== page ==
STMicroelectronics (NYSE: STM), a leading innovator among semiconductor manufacturers, has announced the release of a new version of its successful 32-bit ARM9-based STR910F flash microcontrollers. Through technology enhancements, the new STR910FA delivers 25% greater system performance at a more competitive price, compared to the previous STR910F devices.
The STR910F microcontroller series, rich in connectivity with Ethernet, USB and CAN interfaces plus generous on-chip SRAM and Flash memory, has received a performance make-over. The enhanced memory accelerator in the new STR910FA boosts performance by allowing the burst Flash memory to stream instructions more freely to its ARM966E CPU core. Peak performance remains the same, at an impressive 96 Million Instructions Per Second (MIPS) during the execution of sequential instructions, but the average performance has increased significantly when instructions are non-sequential, as a result of the larger memory accelerator.
An excellent measure of average performance is the AutoBench(TM) test suite from Embedded Microprocessor Benchmark Consortium (EEMBC(R)), which consists of 16 real-time benchmark kernels. Real-world applications, such as those found in factory automation, building automation and security, and point-of-sale equipment are represented with tests that include bit manipulation, interrupt response, math and DSP function, CPU efficiency, and data movement.
Autobench(TM) test scores for the STR910FA registered an average of 25% better than those of the STR910F, indicating improved overall system performance due to improved flow of instructions to the CPU. Additionally, the STR910FA showed an average performance gain of 36% over the closest competing Flash ARM7-based MCUs for like Autobench(TM) tests. All tests are performed and certified independently by the EEMBC consortium.
“Processor suppliers frequently claim performance improvements for their devices, but it’s less common to go the extra mile, as STMicroelectronics has done, and actually back up these claims with objective benchmark data,” said Markus Levy, EEMBC president. “The objective comparison between the STR910FA and STR910F devices enabled by EEMBC benchmark scores will give STMicroelectronics customers the solid information they need to evaluate the new STR910FA device and understand the potential benefits it can bring to their designs.”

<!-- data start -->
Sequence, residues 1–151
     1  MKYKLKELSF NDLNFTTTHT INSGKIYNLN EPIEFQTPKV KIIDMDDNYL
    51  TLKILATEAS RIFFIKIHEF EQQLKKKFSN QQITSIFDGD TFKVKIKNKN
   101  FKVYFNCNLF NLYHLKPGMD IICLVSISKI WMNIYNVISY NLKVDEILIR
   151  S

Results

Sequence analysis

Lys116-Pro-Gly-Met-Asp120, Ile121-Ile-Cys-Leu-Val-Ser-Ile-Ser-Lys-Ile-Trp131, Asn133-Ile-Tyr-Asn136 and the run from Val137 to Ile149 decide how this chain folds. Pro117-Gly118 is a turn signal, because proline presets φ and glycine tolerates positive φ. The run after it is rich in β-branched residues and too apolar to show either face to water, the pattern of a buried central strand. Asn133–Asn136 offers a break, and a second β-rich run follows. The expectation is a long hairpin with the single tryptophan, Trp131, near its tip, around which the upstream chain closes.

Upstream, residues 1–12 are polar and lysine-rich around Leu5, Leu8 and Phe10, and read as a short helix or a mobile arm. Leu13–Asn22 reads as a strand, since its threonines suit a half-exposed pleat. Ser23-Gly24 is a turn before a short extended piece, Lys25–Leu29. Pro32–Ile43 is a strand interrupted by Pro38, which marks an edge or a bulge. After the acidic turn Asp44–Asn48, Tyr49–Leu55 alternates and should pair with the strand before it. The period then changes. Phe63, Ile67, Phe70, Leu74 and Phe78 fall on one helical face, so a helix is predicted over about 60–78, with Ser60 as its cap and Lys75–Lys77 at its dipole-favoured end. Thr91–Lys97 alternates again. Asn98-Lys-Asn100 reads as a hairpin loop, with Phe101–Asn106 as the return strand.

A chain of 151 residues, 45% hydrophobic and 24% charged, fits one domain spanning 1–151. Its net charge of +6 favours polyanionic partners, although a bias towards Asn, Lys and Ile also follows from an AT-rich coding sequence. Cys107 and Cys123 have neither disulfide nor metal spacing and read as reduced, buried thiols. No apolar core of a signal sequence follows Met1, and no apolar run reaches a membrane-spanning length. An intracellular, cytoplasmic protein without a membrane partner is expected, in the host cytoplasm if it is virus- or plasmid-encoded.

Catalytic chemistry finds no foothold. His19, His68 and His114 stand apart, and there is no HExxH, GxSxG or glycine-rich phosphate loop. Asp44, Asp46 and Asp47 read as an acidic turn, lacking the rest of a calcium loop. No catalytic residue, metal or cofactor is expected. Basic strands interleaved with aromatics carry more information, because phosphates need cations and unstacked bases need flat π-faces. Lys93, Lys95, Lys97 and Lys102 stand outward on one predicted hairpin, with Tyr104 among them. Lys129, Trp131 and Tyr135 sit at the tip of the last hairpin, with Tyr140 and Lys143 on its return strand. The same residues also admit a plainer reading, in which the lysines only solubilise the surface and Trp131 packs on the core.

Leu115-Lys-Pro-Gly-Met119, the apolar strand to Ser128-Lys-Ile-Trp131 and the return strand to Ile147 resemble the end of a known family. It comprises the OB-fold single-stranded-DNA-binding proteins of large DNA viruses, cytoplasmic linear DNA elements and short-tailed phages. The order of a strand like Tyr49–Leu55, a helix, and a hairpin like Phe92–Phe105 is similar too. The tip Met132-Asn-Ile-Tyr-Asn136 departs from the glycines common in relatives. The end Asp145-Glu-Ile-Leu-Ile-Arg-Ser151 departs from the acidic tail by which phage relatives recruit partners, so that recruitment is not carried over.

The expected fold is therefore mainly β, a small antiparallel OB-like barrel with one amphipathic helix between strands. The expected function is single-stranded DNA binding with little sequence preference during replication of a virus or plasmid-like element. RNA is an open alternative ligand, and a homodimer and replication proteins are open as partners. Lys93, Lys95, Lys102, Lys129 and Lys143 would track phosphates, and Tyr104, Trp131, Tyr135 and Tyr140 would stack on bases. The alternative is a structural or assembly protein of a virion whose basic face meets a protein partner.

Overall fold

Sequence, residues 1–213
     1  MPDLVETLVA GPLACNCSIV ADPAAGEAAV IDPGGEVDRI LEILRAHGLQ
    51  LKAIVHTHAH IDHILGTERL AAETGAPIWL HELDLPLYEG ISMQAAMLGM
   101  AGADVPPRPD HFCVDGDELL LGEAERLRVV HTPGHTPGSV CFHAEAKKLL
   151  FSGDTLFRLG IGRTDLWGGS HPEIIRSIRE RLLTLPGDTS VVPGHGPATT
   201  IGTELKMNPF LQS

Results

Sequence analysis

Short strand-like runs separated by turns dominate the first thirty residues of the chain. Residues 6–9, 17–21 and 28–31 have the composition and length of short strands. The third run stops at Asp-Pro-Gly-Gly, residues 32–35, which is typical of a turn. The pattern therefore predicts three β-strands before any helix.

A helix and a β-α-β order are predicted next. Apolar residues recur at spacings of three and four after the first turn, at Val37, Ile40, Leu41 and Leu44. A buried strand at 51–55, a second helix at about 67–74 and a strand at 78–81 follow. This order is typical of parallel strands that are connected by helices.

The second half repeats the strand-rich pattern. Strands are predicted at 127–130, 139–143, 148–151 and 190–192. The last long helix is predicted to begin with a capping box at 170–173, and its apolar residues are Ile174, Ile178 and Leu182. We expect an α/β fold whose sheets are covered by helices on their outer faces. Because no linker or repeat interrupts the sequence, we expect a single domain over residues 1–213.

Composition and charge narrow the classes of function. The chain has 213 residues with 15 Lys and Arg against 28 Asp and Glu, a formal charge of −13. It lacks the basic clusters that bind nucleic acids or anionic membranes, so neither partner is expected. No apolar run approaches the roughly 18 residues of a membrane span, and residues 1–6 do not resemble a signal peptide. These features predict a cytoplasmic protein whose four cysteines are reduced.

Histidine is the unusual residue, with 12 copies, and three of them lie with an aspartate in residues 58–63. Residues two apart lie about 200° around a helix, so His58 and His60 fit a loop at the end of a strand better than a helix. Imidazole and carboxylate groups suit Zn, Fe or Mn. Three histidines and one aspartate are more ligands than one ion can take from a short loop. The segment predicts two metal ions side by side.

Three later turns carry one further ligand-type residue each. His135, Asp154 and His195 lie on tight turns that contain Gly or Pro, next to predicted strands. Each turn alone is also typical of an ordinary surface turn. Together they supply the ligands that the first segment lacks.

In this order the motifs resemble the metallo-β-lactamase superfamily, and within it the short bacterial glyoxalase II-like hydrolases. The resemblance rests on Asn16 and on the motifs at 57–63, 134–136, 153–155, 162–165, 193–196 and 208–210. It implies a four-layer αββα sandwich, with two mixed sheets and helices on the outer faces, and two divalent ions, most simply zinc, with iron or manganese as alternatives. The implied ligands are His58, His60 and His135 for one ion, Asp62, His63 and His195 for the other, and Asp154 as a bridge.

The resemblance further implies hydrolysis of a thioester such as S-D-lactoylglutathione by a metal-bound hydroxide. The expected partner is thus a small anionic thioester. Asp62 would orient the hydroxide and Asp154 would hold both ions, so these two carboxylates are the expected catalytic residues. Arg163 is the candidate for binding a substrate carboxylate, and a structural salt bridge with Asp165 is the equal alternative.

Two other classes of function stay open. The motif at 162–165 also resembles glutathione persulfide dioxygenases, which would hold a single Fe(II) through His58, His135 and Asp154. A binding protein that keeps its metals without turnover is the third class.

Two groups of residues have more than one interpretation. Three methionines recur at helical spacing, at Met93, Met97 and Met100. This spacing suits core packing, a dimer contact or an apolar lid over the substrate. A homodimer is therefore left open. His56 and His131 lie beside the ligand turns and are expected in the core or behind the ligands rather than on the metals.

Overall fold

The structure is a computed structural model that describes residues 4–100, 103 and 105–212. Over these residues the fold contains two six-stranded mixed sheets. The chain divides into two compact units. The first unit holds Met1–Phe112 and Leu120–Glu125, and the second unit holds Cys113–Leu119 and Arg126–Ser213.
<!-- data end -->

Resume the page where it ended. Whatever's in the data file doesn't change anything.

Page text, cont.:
In addition to improving performance, pricing for STR910FA devices has been reduced relative to equivalent STR910F devices, with resale prices for the new series starting at US$4.98 (STR910FAM32X6 in quantities of 10,000). This places powerful Flash ARM9-based MCUs in the same price range as similar Flash ARM7-based MCUs.
Six additional members of the series have been added to the family, offering more memory size combinations, plus tiny new BGA144 packages measuring only 10 x 10mm.
The STR910FA MCU series offer Flash memory up to 544Kbytes and SRAM to 96Kbytes with a full set of peripherals that include an Ethernet MAC, USB, CAN, three UARTs/IrDAs, two SPIs, two I2Cs, eight channel 10-bit ADC at 0.7 microsecond conversion, four 16-bit timers, a 3-phase AC motor-control unit, complete supervisor functions with Low Voltage Reset and Brown-out Detect, a full-featured real-time clock at just 1 microamps, an external memory interface, an ETM9 debug and trace interface, and up to 80 5V tolerant I/O. All devices operate between -40 to +85 degrees C.
STMicroelectronics is a global leader in developing and delivering semiconductor solutions across the spectrum of microelectronics applications. An unrivalled combination of silicon and system expertise, manufacturing strength, Intellectual Property (IP) portfolio and strategic partners positions the Company at the forefront of System-on-Chip (SoC) technology and its products play a key role in enabling today’s convergence markets. The Company’s shares are traded on the New York Stock Exchange, on Euronext Paris and on the Milan Stock Exchange. In 2006, the Company’s net revenues were $9.85 billion and net earnings were $782 million.